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Eucharist: Celebration of Communion

Fr. Amado L. Picardal, CSsR, STD

Along the Way


AS the International Eucharistic Congress gets underway, it is time to reflect on the meaning and significance of the Holy Eucharist in our life as Christians. There are many who regard going to Mass as merely an obligation that they have to fulfill every Sunday and other great feasts. Others look at it as part of their personal weekly or even daily ritual that gives them energy. Such view of the Mass which is highly individualistic and pietistic does not fully explain and appreciate the deeper meaning of the Eucharist.

The Mass must be understood as the celebration of our union, that is our communion with Christ and the Church–which is the body of Christ. The Mass presupposes a personal relationship with Christ. Through baptism we have been united to Christ. Throughout our life as Christians we are expected to grow day by day in knowledge of and loving union with Christ and live as his genuine disciples. Through our baptism we have received the Holy Spirit and have been empowered to carry out the three-fold mission of Christ: the prophetic mission of announcing His message (of love, salvation, justice and peace) and denouncing sin and evil in all its manifestation (culture of death, violence, injustice, corruption, etc.); the priestly mission expressed in a life of prayer, self-sacrifice, and active participation in the liturgical celebration; and the kingly/servant mission expressed in loving service to God and neighbor especially the poor and the needy, in our efforts to make God’s kingdom a reality on earth–by working for justice, peace, freedom, and the defense of the environment.

The Eucharist is therefore meant to be the celebration of our life of loving union–of communion–and friendship with Christ and of living as His missionary disciples. According to St. John Paul II:   “Incorporation into Christ, which is brought about by baptism, is constantly renewed and consolidated by sharing in the Eucharistic Sacrifice, especially by that full sharing which takes place in sacramental communion… Eucharistic communion brings about in a sublime way the mutual abiding of Christ and each of his followers: Abide in me, and I in you (Jn 15:4)” Ecclesia de Eucharistia, (EE)  22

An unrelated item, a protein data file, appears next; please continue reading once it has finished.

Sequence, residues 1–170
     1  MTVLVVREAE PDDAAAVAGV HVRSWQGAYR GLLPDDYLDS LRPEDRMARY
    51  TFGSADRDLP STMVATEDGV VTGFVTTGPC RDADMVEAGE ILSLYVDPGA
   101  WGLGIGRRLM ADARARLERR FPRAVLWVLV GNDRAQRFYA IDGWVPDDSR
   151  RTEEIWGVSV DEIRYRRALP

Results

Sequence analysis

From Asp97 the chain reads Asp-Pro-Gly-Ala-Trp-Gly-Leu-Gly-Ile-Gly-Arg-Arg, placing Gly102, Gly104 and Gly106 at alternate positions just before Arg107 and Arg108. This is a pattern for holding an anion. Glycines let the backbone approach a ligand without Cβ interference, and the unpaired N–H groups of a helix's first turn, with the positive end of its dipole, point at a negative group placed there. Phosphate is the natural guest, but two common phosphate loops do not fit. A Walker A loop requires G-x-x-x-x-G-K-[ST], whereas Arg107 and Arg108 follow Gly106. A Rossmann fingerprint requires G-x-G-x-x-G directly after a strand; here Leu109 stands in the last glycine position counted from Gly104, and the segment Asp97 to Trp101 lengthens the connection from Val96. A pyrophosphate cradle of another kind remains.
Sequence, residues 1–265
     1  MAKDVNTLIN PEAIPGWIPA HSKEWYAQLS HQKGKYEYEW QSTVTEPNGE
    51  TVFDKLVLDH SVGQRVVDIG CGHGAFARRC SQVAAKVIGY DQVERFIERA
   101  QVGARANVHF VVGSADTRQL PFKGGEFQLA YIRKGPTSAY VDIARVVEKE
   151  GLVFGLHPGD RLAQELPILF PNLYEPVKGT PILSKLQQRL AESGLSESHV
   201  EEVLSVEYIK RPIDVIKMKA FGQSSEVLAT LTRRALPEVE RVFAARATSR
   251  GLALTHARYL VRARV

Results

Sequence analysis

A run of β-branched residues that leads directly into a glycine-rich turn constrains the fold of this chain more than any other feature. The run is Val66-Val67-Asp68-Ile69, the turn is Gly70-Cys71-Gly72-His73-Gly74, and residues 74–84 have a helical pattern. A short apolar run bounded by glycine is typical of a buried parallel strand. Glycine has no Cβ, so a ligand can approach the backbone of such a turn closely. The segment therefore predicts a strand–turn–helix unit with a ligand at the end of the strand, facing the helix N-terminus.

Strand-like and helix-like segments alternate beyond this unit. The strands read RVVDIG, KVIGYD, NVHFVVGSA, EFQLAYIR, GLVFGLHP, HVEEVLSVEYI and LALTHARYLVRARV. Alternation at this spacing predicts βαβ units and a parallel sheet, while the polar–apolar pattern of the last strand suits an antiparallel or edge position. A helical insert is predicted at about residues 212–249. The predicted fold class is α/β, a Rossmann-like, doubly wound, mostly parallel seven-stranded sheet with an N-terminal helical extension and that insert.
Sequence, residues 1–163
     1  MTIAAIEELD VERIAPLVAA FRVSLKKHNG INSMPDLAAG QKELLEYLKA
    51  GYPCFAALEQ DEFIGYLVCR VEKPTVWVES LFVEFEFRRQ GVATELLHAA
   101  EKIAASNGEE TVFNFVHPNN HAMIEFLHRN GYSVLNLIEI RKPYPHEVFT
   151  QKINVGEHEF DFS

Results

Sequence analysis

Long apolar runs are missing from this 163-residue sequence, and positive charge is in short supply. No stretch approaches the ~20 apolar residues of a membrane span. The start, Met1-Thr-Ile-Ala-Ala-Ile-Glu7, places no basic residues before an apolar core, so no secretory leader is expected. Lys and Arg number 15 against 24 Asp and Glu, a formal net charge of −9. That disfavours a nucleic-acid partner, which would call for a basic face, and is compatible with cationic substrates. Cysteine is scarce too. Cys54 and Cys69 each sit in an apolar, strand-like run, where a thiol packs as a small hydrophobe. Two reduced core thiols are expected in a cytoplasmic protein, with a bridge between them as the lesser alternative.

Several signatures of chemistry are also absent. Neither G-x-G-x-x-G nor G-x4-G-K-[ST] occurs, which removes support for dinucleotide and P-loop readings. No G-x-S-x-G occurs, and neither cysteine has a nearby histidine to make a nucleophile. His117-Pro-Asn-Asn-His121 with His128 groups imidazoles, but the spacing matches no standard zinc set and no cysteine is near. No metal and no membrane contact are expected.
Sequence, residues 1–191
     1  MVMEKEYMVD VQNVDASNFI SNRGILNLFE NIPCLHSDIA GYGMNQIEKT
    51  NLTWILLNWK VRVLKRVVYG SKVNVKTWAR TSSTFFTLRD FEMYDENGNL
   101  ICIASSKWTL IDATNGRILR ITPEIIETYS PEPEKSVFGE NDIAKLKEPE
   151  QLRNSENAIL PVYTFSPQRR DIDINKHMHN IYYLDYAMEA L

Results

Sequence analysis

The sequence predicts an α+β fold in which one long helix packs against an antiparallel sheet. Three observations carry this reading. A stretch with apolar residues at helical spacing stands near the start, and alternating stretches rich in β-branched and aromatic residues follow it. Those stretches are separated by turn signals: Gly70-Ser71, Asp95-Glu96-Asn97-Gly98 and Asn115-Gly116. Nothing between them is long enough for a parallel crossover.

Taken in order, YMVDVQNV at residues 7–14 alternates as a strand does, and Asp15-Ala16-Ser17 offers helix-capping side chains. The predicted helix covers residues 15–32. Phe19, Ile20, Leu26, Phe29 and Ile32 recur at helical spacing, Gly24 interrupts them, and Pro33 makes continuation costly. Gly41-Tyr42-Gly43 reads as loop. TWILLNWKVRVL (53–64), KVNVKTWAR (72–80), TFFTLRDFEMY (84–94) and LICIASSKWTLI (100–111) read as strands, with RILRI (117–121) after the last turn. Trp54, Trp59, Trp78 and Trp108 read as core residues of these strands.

When we celebrate the Eucharist, we believe that Christ is truly present in the community that gathers in his name. We believe that it is His Word that we listen to. We believe that He is truly present in the consecrated bread and wine which is His body and blood and which is our spiritual nourishment, giving us energy and strength to continue our journey and fulfill our mission.

The Eucharist is also meant not just to celebrate our communion with Christ but also to deepen it. Without a prior personal relationship and loving union with Christ the Eucharist is just an empty ritual. For it to be meaningful we must experience a personal encounter with Christ – an encounter that leads to personal conversion and decision to live as missionary disciple in community. This also means developing personal intimacy and friendship with Christ.

Besides being the celebration of our union with Christ, the Eucharist is also the celebration of our communion with our fellow believers–our loving union as Church, the Christian community.

The Eucharist creates communion and fosters communion …The Eucharist’s particular effectiveness in promoting communion is one of the reasons for the importance of Sunday Mass… Precisely through sharing in the Eucharist, the Lord’s Day also becomes the Day of the Church, when she can effectively exercise her role as the sacrament of unity.” EE 41 & 42

The communitarian and ecclesial character of the Eucharist is essential. As St, Augustine reminds us, in the Eucharist we celebrate who we are–the body of Christ. A life of loving communion–of unity, solidarity, friendship and sharing–in community makes the celebration of the Eucharist more meaningful. Without this the Mass is an empty ritual, full of pomp and pageantry, signifying nothing. St. John Paul II asserts that the Eucharist presupposes an existing communion in the Church and the local Christian community: “The celebration of the Eucharist cannot be the starting point of communion; it presupposes that communion already exists, a communion which it seeks to consolidate and bring to perfection.” EE 35

The quality of our relationship with Christ and our community life will be reflected in our Eucharistic celebration. Whenever we go to Mass and receive Holy Communion we must ask ourselves: are we really in communion with Christ and the Church–the Christian community, the body of Christ? If we are not, then we have an obligation and mission of promoting this vertical and horizontal communion in our life. One of the means towards a meaning celebration of the Eucharist is the formation of Basic Ecclesial Communities within the parish which St. John Paul II regards as “an expression of communion and a means towards deeper communion.” (Redemptoris Missio 51).

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